And make sure you’re actually getting the team they pitch you. A lot of large providers have A, B and C teams, which can result in a “bait and switch” outcome when they pitch you the A team, but then saddle you with the C team.
As an innovation consultant on a project for Coca-Cola, I once came down with food poisoning in Atlanta and spent a night vomiting in my hotel room. Since I was committed to the project and still alive the next morning, I dosed up on coffee and Coke and fronted up for another day of work at the Coke campus. We didn’t tell Coke about the episode because they’d taken us out to the fancy restaurant that poisoned me. But they found out eventually, and impressed with the level of commitment it showed, went on to become a long-term, solid client.
As a startup founder or business leader you’re highly committed and doing “whatever it takes”. You need great people around you who mirror that commitment.
You need people who show they understand the white-knuckle ride of launching and building a company and support you by walking in your shoes. People who see your success as their success.
Even the best outfits make mistakes, but an outstanding provider will also have a good track record for handling failure well. Talking to past clients to find out how the provider responded when they came up short can provide valuable insight into the level of commitment they’re likely to give you.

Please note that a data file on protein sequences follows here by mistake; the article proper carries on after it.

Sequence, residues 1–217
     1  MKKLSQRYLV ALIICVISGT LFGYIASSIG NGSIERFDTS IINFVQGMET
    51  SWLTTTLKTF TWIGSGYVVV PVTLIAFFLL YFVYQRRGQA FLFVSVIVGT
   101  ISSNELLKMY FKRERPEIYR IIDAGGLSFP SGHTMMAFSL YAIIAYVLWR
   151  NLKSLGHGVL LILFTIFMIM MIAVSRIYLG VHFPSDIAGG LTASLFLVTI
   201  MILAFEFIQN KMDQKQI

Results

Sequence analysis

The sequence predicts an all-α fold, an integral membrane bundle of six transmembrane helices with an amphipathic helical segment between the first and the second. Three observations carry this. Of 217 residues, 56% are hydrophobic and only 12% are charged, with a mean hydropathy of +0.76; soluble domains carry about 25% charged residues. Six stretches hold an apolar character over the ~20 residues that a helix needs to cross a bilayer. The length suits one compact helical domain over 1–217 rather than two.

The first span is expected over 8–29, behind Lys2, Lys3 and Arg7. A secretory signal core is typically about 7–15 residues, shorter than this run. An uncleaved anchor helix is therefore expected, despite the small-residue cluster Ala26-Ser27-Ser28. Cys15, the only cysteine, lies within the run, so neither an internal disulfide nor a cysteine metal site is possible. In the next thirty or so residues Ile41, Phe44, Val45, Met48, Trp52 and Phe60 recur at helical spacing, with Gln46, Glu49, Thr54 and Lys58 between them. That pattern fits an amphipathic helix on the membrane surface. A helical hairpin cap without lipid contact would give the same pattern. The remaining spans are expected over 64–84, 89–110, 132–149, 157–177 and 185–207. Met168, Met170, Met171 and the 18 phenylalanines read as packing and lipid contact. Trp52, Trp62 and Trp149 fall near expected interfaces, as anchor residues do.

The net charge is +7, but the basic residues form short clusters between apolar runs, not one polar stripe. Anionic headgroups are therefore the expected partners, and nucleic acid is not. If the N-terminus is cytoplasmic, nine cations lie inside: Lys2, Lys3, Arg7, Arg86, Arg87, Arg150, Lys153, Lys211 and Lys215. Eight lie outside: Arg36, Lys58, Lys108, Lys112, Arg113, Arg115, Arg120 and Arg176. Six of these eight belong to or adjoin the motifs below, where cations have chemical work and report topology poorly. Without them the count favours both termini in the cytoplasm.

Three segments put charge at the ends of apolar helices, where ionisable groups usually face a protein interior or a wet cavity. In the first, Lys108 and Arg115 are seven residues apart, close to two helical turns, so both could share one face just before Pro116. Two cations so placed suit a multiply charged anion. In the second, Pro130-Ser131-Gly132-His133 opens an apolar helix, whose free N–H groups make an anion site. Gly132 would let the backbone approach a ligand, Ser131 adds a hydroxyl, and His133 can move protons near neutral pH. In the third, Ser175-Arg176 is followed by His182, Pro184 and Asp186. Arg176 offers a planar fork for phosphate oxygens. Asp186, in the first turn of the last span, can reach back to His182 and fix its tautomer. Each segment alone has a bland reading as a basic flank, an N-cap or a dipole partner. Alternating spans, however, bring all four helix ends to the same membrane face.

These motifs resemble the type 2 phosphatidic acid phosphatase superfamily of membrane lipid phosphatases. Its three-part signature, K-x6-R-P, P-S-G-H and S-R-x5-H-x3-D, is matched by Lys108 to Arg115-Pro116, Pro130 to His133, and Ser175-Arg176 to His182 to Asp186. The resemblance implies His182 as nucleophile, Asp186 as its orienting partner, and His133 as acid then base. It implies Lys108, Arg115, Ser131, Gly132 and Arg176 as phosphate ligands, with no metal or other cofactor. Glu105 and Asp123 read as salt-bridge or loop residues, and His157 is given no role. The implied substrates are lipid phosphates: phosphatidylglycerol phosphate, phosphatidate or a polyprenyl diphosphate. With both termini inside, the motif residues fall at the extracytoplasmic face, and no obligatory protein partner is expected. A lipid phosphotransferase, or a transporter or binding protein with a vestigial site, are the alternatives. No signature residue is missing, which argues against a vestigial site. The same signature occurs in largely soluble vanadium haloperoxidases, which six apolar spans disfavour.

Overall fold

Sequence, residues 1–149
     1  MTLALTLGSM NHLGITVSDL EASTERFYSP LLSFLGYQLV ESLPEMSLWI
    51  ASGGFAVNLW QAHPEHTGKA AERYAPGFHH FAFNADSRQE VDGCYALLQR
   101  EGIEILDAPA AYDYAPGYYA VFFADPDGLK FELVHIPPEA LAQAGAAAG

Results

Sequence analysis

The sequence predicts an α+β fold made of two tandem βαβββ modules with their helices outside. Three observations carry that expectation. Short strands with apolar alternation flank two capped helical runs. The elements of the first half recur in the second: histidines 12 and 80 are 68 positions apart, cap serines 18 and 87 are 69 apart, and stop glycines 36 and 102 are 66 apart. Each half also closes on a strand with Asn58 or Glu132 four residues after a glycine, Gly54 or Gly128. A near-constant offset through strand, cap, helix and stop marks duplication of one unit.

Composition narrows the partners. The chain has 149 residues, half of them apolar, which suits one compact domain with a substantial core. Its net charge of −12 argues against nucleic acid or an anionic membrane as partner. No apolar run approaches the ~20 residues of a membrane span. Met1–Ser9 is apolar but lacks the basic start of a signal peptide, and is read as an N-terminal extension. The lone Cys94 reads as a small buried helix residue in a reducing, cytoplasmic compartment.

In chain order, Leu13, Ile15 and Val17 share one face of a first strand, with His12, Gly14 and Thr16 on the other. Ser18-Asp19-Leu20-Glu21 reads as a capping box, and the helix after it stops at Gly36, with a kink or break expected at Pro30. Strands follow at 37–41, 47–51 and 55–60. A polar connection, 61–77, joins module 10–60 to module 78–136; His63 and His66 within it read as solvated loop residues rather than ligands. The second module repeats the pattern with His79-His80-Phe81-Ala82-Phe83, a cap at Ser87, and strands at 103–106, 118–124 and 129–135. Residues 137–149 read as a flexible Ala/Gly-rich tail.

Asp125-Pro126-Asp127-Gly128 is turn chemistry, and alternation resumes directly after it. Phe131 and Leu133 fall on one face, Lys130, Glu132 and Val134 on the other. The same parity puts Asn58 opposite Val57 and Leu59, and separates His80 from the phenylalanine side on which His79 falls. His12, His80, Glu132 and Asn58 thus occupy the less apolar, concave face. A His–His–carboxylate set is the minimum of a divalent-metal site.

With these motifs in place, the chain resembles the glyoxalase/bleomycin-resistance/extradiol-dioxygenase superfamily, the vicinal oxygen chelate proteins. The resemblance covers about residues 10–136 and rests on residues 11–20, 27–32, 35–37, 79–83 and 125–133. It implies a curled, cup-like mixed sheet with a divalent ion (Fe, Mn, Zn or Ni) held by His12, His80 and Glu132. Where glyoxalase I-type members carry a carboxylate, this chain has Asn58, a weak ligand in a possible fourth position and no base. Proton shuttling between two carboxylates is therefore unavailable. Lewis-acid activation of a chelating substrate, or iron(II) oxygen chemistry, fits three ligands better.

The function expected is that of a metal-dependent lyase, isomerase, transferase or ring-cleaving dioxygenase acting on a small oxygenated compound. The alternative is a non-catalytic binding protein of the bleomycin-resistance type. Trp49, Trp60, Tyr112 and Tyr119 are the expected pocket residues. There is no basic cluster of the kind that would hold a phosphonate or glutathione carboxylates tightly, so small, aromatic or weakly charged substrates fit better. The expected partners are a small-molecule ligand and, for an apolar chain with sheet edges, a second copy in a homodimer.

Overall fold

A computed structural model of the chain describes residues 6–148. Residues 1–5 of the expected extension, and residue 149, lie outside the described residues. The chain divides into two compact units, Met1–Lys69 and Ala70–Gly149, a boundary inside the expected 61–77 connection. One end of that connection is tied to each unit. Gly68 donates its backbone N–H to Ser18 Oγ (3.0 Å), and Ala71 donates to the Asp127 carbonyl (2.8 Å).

Most assignments and relationships go sour due to failure to communicate, not lack of capability, competence or commitment.
When the provider doesn’t communicate it leads to mismatched expectations, eroded trust and failure to deliver what you need.
Good communicators check in regularly to make sure everyone is still on the same page.
Ask them upfront how they’re going to maintain good communication and aligned expectations, and check if they demonstrate good working relationships with your team.
Look for providers who pro-actively check in with you while they prepare a proposal – frequently asking questions to check their pitch is targeted to your needs. If they don’t communicate well when they pitch for work they won’t get any better after they start.
When you’ve found a good provider don’t treat them like a pizza delivery person – someone you pay, thank, but never see again. If you make them a valued part of your team, give them what they need to do their job well, and celebrate success together, you’ll make them part of your enterprise and incentivise them to help reach your goals.
Good people generally have high standards and work with good companies, so ask them to recommend providers for other tasks – get their advice and make your own decision.
And if you make a mistake, don’t be afraid to change horses in the middle of the race. It’s better to get a trustworthy long-term partner than limp along and prolong the pain. And although you may think good providers are expensive, failure to build enterprise value by paying for a poor outcome is a lot more costly.